#14 Crossing from Siem Reap into Bangkok

You have survived the muggy heat and the crush of tourists at the UNESCO-listed world heritage site Angkor Wat, and can’t wait to get back on the banana pancake trail…and what better place than to seek refuge in the City of Sin, where cheap pad thai stalls line the streets, smartly dressed office workers stride alongside downtrodden backpackers weighed down by their packs, where the good kids are seen praying sans shoes at the temples and the bad ones living’ it up in Patpong.

It’s time to dust off your passport and head on a long journey again… I know you are tempted to do it the cheapest way possible but we were so annoyed by the nonsensical struggles of doing it the “cheap way” (and in the end it didn’t seem to be worth all that effort, really, unless you are planning to stretch that cash a loooooong way) that we just gave in and got a direct coach from Siem Reap to Bangkok for US$10. DON’T DO THIS! In fact, many lessons were learnt, but that’s just how it goes when you are striking out on your own.

1. Hunt around the vicinity for similar buses heading to Bangkok.
Don’t purchase from the first one you see, unless they charge less than US$8. I found out that a fellow traveller on the same bus only paid US$6.50 for the same crappy ride.

2. Don’t trust the tour agency when they promise a tuk-tuk will pick you up from your guesthouse.
No partying the night before unless you want to miss that bus. Get up early, if it’s the 8am bus (trust me you want to leave at this time to reach Bangkok just around sunset), at least 45 minutes early, make sure you get to the bus 10-15 minutes before departure time. Our promised tuk-tuk didn’t arrive; we hired one ourselves and the driver hunted for our bus for 40 minutes. We only managed finally to catch it at a random place much later, after our driver borrowed a cellphone (his cell ran out of credits) from a friend, contacted his “people” and hunted it down. We were the last people to board. Needless to say, this time, we were LUCKY.

3. The ride is going to be shit. Yes, even though you paid good money for it.
They made us wait not once but thrice, for no apparent good reason given to us. Most of the travellers on the bus were Western travellers/tourists with a few East Asians, all going to different places like Ko Samui, Bangkok etc. So their ingenious idea was, at the Aranyaprathet-Poipet border, to split everyone from the original bus up into different mini vans heading to different directions. We crossed the immigration, walked nearly 1km in the blazing afternoon heat across to the Thai side, and waited in the hot sun, and waited.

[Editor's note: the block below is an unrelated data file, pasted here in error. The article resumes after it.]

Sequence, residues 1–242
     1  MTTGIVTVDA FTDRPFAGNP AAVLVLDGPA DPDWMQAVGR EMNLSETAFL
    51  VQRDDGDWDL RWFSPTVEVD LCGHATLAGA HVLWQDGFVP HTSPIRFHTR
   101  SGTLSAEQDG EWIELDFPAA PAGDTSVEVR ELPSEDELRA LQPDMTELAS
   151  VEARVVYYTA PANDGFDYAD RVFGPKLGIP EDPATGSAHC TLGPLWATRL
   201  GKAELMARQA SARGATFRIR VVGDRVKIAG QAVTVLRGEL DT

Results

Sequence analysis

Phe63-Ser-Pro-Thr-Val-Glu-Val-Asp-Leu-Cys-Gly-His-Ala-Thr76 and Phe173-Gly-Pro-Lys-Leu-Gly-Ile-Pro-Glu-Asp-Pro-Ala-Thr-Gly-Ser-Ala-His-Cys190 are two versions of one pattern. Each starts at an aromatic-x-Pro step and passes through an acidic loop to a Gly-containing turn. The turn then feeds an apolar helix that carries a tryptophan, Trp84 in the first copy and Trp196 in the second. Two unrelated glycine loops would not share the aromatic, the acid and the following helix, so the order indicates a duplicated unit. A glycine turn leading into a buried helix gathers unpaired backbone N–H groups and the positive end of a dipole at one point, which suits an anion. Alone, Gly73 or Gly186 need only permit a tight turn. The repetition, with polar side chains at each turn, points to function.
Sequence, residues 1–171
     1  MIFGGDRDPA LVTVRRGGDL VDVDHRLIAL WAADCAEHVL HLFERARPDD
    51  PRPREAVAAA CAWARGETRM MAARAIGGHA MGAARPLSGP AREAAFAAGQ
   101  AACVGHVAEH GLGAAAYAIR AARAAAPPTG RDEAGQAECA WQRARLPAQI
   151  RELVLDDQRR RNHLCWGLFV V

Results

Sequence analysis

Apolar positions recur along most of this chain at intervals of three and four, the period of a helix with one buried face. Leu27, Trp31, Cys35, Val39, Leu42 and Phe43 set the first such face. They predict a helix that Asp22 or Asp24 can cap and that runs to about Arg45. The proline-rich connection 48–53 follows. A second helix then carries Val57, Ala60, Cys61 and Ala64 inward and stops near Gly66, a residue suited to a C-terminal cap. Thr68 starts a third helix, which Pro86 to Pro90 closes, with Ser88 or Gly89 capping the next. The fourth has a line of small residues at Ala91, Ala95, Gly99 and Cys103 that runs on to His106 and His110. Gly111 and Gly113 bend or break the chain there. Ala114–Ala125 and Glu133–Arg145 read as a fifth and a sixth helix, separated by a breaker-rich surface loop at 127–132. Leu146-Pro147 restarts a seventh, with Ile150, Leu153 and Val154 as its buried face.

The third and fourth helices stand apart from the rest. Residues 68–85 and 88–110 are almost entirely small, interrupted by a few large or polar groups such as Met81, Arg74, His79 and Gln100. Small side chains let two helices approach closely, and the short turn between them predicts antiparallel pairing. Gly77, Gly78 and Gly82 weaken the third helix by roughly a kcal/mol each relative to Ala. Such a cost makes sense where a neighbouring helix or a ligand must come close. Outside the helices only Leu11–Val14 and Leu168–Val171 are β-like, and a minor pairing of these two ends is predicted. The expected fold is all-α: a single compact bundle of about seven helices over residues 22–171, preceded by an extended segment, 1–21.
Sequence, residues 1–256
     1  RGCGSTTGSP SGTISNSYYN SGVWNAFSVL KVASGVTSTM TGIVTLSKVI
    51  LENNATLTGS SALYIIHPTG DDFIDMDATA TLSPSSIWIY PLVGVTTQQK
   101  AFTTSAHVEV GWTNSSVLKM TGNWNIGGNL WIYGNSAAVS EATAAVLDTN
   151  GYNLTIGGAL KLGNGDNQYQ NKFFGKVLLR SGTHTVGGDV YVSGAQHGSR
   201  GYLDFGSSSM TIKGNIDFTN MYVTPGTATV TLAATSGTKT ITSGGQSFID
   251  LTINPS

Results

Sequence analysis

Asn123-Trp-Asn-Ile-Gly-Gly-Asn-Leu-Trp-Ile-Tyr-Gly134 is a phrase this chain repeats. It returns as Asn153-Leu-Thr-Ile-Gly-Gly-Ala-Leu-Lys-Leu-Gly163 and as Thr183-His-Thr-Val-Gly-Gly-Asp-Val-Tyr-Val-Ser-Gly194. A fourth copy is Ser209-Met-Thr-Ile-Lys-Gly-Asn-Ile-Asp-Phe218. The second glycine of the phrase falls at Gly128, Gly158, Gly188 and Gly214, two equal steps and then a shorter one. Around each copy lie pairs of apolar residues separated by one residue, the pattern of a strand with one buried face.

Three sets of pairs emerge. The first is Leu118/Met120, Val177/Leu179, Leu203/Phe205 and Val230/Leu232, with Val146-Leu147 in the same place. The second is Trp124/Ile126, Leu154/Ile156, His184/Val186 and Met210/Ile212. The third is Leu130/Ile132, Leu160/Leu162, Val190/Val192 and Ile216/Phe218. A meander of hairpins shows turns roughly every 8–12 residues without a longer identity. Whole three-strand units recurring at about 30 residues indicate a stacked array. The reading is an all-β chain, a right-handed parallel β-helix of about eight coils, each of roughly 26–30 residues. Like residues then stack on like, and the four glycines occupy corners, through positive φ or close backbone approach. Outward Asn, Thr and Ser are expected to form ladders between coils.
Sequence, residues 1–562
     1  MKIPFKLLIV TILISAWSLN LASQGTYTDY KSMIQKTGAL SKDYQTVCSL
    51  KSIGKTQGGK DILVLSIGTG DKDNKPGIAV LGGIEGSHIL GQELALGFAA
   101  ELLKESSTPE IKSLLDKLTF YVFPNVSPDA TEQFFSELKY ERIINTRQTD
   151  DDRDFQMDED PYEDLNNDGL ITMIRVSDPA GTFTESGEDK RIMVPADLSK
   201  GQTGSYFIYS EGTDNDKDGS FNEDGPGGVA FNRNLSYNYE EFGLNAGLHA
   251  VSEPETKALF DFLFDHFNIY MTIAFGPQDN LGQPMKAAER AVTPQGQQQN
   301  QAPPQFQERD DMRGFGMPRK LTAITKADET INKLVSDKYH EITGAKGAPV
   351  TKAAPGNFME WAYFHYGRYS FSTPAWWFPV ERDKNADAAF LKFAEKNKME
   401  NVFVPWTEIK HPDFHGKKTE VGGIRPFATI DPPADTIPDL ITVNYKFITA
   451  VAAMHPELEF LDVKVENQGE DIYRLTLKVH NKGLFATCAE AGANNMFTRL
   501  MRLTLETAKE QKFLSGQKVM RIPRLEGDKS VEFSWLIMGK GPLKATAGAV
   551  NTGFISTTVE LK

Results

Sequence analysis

4. When they say the ride is going to be 7 hours, they meant 10 hours. Or 12 hours. You can never be sure.
Be as flexible as you can when it comes to time….and your limbs. After all, we didn’t expect to be on the bus for nearly 11 hours when they claimed the journey would take a maximum of 7 hours. And it wasn’t particularly comfortable when eight people were forced to squash up against one another in the last row of a coach, converted into a long couch like seat… Pity it ain’t a limo…

5. Bring some food, water, charge up your mp3 player but leave that book in your pack.
On second thought, don’t bother much with the water. You won’t want to drink much since there won’t be many toilet breaks for you to take a leak…especially with the notoriously fierce air-conditioning in such buses.

So, yeah, we wanted to avoid the nonsensical struggles, but ended up with a bunch of misfortunes along the way anyway… In this part of the world, anything could happen, and frankly, this is considered a pretty drama-free experience! On the bright side, the bus stopped once in the middle of nowhere for us to have a quick lunch…where you could pick up an ice-cold can of Coke for US$1.

Your bus will most likely drop you in Khao San Road. Go ahead and glower at the taxi drivers who go “Sir, where you going?” and keep walking.  After such a physically draining journey, with that crick in the neck and pins and needles in your calves, you won’t be in the frame of mind to deal with the annoying touts and can’t wait to land in Khao San. To hell with the snooty “true travellers” who condemned Khao San Road. You are SO staying here tonight.

You will be so grateful for the lovely aroma of freshly stir-fried pad thai wafting into your nostrils, so just grab one, and maybe throw in a 30-min Thai massage and a couple of Singha beers , then drop into a dorm (pick one, anyone!) before waking up bright and early to explore the amazing Thai capital. :)


Leave a Reply

Fill in your details below or click an icon to log in:

WordPress.com Logo

You are commenting using your WordPress.com account. Log Out / Change )

Twitter picture

You are commenting using your Twitter account. Log Out / Change )

Facebook photo

You are commenting using your Facebook account. Log Out / Change )

Google+ photo

You are commenting using your Google+ account. Log Out / Change )

Connecting to %s